Lehigh University professor receives Astellas Award for arsenic groundwater remediation efforts

December 10, 2009

WASHINGTON, Dec. 10, 2009 -- Arup K. SenGupta, Ph.D., a professor of civil, environmental and chemical engineering at Lehigh University in Bethlehem, Pa., has been chosen to receive a 2009 Astellas USA Foundation Award. The award, administered by the American Chemical Society, is given to individuals who have made significant scientific research contributions that improve public health through their work in the chemical and related sciences.

The award includes a $30,000 grant to support his continuing research efforts.

SenGupta invented the first reusable polymer-based material capable of removing arsenic from municipal water supplies and private wells. More than one million pounds of this absorbent polymer are being used in the United States and around the world to abate arsenic poisoning through naturally contaminated ground water.

The World Health Organization estimates that naturally occurring arsenic in groundwater accounts for the poisoning of more than 100 million people worldwide. SenGupta's research offers a sustainable solution to this problem.

SenGupta earned his B.S. degree in chemical engineering at Jadavpur University in India and his M.S. and Ph.D. degrees at the University of Houston. He has been affiliated with Lehigh University since 1985.
-end-
The American Chemical Society is a nonprofit organization chartered by the U.S. Congress. With more than 154,000 members, ACS is the world's largest scientific society and a global leader in providing access to chemistry-related research through its multiple databases, peer-reviewed journals and scientific conferences. Its main offices are in Washington, D.C., and Columbus, Ohio.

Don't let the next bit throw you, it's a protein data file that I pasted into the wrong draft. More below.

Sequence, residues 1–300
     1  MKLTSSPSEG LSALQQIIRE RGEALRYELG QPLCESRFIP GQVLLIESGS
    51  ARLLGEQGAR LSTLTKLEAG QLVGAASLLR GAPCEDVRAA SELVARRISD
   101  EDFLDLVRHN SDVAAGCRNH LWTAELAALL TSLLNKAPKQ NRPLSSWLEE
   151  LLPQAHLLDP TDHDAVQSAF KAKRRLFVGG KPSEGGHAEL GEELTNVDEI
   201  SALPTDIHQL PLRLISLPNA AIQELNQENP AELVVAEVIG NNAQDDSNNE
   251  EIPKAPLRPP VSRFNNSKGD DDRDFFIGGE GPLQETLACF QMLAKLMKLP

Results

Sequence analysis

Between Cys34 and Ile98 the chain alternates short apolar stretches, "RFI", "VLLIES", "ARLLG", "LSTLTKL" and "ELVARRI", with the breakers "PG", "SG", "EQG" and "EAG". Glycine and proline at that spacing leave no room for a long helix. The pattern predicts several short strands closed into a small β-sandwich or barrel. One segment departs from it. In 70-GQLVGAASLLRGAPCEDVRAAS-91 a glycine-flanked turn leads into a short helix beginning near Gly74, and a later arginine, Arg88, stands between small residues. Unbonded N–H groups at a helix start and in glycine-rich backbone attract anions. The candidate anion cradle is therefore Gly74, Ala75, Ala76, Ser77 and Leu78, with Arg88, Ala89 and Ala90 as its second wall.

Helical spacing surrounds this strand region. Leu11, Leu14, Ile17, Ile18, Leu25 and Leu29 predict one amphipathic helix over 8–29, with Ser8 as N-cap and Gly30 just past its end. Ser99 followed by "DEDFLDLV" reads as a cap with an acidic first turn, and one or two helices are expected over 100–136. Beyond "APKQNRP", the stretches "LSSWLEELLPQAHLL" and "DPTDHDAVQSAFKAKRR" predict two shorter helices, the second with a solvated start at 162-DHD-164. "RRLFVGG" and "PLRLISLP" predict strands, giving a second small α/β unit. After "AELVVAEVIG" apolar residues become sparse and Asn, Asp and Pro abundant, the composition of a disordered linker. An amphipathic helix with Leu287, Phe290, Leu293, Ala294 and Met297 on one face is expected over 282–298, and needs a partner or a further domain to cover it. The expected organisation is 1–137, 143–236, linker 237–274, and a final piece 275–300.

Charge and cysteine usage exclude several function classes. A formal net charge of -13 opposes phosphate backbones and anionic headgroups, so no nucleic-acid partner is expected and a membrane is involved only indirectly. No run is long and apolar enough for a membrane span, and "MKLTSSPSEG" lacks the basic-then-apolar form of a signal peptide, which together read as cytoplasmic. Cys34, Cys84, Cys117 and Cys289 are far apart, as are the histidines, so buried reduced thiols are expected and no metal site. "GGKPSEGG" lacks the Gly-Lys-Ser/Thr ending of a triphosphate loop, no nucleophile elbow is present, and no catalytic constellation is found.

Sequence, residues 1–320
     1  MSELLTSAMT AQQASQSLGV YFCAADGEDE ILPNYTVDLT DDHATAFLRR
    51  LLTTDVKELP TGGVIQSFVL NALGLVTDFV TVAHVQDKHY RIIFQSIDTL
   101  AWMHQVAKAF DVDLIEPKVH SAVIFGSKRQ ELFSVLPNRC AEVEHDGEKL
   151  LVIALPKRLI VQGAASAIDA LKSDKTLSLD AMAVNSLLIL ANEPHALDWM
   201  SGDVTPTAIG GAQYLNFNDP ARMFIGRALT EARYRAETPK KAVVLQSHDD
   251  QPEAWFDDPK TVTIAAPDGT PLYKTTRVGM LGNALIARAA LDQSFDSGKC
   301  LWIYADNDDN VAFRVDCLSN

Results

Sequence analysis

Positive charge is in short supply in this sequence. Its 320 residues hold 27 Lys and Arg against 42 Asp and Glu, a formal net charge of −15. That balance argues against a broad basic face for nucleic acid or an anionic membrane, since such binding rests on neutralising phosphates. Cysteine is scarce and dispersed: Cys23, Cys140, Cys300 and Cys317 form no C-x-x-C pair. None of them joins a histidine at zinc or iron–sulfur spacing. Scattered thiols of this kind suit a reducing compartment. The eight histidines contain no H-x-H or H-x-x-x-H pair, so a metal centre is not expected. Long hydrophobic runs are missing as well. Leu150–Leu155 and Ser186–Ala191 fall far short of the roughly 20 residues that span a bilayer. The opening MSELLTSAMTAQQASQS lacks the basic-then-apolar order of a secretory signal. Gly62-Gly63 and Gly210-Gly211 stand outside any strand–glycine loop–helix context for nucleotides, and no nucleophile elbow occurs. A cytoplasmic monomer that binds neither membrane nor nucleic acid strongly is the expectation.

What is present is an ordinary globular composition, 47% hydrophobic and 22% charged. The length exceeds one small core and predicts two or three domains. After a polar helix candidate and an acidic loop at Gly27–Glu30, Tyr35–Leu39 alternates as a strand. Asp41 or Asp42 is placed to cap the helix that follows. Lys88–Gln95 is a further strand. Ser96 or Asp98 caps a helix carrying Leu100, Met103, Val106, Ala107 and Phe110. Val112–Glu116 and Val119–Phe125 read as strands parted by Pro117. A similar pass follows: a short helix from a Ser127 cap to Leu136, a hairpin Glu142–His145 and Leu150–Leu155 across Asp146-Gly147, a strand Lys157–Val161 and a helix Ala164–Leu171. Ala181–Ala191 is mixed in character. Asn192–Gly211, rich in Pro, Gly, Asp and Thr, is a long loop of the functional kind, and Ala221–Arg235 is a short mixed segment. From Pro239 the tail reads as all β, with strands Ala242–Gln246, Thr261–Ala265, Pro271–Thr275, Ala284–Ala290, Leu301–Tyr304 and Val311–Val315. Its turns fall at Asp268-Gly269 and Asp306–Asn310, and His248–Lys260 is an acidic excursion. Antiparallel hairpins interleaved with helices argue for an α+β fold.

American Chemical Society

Related Chemical Engineering Articles from Brightsurf:

Strain engineering of 2D semiconductor and graphene
Strain engineering can significantly manipulate the two-dimensional (2D) materials' electronic and optical properties, which endow it the potential applications in optoelectronics and nanophotonics.

Re-engineering antibodies for COVID-19
Catholic University of America researcher uses 'in silico' analysis to fast-track passive immunity

Next frontier in bacterial engineering
A new technique overcomes a serious hurdle in the field of bacterial design and engineering.

COVID-19 and the role of tissue engineering
Tissue engineering has a unique set of tools and technologies for developing preventive strategies, diagnostics, and treatments that can play an important role during the ongoing COVID-19 pandemic.

Engineering the meniscus
Damage to the meniscus is common, but there remains an unmet need for improved restorative therapies that can overcome poor healing in the avascular regions.

Artificially engineering the intestine
Short bowel syndrome is a debilitating condition with few treatment options, and these treatments have limited efficacy.

Scientists use molecular tethers, chemical 'light sabers' for tissue engineering
Researchers at the University of Washington unveiled a new strategy to keep proteins intact and functional in synthetic biomaterials for tissue engineering.

Breakthrough in blood vessel engineering
Growing functional blood vessel networks is no easy task. Previously, other groups have made networks that span millimeters in size.

Next-gen batteries possible with new engineering approach
Dramatically longer-lasting, faster-charging and safer lithium metal batteries may be possible, according to Penn State research, recently published in Nature Energy.

A new way to do metabolic engineering
University of Illinois researchers have created a novel metabolic engineering method that combines transcriptional activation, transcriptional interference, and gene deletion, and executes them simultaneously, making the process faster and easier.

Read More: Chemical Engineering News and Chemical Engineering Current Events
Brightsurf.com is a participant in the Amazon Services LLC Associates Program, an affiliate advertising program designed to provide a means for sites to earn advertising fees by advertising and linking to Amazon.com.